By Jennifer Moonsong
Jobe Publishing, Inc.
As you walk through the doors of newly elected Sheriff Lonnie Hodges’ office, there are plenty of reminders of why he is there. To the left of his desk is the American flag, to the right, the Kentucky flag.
Above the desk, sits a dated campaign sign for his dear friend, Sheriff Ricky Brooks. Sheriff Brooks was lain to rest in August, after he succumb to an 18 month long battle with leukemia, less than a year after the people of Metcalfe County elected him to serve.
For Hodges who won the special election last week with 1,327 votes, taking on this role is simply finishing what he started, because a friend asked a favor of him.
“He asked me if he won the election, would I come work for him to help him out. I said of course,” Hodges said.
Ironically, when Hodges and Brooks first met it was at the Metcalfe County Sheriffs’ Department. They did not become immediate friends, but Brooks had what Hodges refers to as an “infectious personality”, and the bond grew throughout the years.
The two had several things in common. They both grew up in Metcalfe County, they both had successful and fulfilling careers with the Kentucky State Police and both served in the military. Brooks served in Iraq and Hodges served during the Gulf War and Somali operations but didn’t deploy to either location.
“Not my decision,” Hodges said. “Wrong unit at the wrong time.”
The two also enjoyed similar hobbies.
“We were fishing buddies,” he said.
When Brooks first approached Hodges about helping him if he won the 2018 election, Hodges was taking a respite from work, and deciding what was next on his journey.
“I had been with KSP for twenty years. And I loved it. I could’ve stayed for thirty years, but I knew if I did I already knew what I’d be doing every day,” Hodges said. His adventurous spirit encouraged him to retire from KSP, but he knew he wanted to stay in law enforcement in some capacity.
“A songwriter doesn’t stop writing songs. I didn’t want to leave law enforcement. I love what I do,” he said.
By the time of last year’s election, Brooks had already been diagnosed with leukemia and spent over half a year in the hospital with treatment. By August 2018, Brooks was in remission with a hopeful outlook.
“I didn’t think he’d need me,” Hodges said.
However, the state of remission did not last long for Brooks, and on election night last year when he won, he was in the hospital.
“They swore him in at his home. We had him a shirt made. He didn’t get to wear it the first time,” Hodges said.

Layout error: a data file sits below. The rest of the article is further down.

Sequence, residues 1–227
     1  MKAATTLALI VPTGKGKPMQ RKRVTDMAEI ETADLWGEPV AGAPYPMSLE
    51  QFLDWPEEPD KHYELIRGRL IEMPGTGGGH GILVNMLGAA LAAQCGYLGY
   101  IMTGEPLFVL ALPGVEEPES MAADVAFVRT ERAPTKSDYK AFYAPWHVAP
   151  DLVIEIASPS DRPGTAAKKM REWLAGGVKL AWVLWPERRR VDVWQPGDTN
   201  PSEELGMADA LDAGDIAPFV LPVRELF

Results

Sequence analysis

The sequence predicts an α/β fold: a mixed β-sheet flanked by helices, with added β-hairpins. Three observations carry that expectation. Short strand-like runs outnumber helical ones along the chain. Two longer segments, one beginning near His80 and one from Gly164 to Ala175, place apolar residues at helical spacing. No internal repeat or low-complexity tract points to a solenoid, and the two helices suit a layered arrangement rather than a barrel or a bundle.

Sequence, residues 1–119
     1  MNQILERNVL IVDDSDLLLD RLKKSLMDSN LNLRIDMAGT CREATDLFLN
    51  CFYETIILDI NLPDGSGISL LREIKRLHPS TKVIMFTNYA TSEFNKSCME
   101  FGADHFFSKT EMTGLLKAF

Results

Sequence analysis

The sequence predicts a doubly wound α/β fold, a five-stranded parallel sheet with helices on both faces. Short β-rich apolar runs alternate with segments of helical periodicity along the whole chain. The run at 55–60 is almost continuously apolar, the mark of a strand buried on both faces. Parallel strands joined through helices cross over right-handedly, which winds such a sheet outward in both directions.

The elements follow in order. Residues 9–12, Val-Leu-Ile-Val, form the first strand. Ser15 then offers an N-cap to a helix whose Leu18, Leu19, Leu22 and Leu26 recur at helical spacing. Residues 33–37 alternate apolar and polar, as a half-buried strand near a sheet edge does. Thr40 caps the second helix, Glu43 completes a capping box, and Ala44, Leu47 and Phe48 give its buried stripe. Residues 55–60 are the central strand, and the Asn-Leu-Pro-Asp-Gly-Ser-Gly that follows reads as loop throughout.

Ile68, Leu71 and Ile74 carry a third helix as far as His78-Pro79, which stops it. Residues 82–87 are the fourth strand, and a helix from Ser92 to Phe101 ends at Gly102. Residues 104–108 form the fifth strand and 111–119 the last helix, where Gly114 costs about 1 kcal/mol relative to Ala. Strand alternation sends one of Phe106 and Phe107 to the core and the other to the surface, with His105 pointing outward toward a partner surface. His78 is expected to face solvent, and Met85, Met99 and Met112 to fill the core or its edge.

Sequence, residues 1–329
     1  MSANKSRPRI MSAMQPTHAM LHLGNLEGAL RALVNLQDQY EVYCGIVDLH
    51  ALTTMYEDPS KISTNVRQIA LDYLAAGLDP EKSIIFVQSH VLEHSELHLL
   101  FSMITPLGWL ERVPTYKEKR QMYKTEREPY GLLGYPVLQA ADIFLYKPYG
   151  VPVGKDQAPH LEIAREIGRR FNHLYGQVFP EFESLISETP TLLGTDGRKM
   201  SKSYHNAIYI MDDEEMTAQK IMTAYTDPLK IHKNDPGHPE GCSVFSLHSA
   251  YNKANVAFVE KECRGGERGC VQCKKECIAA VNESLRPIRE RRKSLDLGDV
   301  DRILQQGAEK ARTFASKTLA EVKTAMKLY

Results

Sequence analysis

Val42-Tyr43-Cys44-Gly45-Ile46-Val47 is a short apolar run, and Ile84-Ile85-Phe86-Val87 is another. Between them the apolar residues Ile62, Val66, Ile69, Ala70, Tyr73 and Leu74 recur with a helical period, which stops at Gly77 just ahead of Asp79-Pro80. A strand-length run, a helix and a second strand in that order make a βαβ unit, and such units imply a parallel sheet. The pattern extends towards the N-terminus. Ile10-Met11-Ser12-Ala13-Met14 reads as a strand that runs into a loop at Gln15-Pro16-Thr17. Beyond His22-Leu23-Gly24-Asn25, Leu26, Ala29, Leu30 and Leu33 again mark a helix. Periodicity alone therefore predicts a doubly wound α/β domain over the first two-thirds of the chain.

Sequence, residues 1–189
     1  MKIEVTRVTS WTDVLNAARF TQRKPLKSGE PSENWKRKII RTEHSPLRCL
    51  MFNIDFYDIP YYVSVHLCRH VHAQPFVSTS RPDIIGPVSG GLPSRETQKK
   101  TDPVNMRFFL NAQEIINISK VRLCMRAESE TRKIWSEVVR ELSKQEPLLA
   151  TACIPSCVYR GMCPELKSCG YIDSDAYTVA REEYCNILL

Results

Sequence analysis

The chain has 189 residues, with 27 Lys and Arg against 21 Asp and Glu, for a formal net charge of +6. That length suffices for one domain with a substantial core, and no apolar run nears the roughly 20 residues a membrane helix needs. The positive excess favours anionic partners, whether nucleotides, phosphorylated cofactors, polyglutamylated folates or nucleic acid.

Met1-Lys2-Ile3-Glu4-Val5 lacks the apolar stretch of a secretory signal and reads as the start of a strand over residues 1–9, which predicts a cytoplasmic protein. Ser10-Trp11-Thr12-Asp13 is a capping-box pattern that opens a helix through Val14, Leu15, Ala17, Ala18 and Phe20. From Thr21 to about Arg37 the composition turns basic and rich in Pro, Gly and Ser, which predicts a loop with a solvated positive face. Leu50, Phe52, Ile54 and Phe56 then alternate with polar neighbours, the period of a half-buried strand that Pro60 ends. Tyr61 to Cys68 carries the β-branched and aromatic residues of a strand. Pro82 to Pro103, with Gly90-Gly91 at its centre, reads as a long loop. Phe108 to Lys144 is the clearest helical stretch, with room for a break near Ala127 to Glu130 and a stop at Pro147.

So, as promised, on January 1, 2019, Hodges proceeded to take on the duties of sheriff in an unofficial capacity, awaiting his friend’s recovery and return. Sadly, Brooks’ health declined and he was never able to serve as sheriff in an official manner.
“Now, I am just finishing what I started with Ricky. I didn’t expect this, but I felt like I needed to do it,” Hodges said.
“There is a saying derived from Isaiah 6:8 ‘Whom shall I send? And who will go for us?’ And I said, ‘Here am I. Send me, and that’s the way I’ve always been.”
The future of Metcalfe County law enforcement
Much like his friend and predecessor, Hodges has an impressive resume in law enforcement. He was the first Kentucky State Police Officer born and raised in the Summer Shade community. He also served in the military before college and turned 18 years old in basic training.
Hodges also has extensive training in psychology and sociology, and he’s ready to put those credentials to work for Metcalfe County.
That isn’t to say there is an easy road ahead, but by his own omission, Hodges likes a challenge.
Some of the challenges he plans to tackle include staffing, equipment, and technology.
“We’ve been in a holding pattern for the past 11 months, not knowing what to expect. I plan to add manpower and improve on the technology. Everything in law-enforcement has gone mobile, we have outdated data terminals, and that has to be improved upon,” he said.
Hodges says that using more up-to-date technology, which has been available for 15+ years, all of the paperwork including citations, traffic violations, domestic violence orders, and so forth cannot be recorded by computer and stored in the terminal in Frankfort, cutting down on work, improving efficiency tenfold and lessening environmental costs.
The national average of officers per 10,000 persons is 20. Metcalfe County is sorely low on manpower by that measure.
Getting more trained deputies to patrol and updated weapons are priorities.
As always, the big picture of a more smoothly operational department will emerge over time through diligence and hard work.
“I’ll take it one day at a time,” Hodges said.
For the family of Ricky Brooks, this is a form of closure.
Mindy Brooks, Ricky’s widow commented on Hodge’s win on election night, in a flurry of bittersweet emotions. “This is what Ricky wanted, this is the right thing. This feels like a way to have closure.”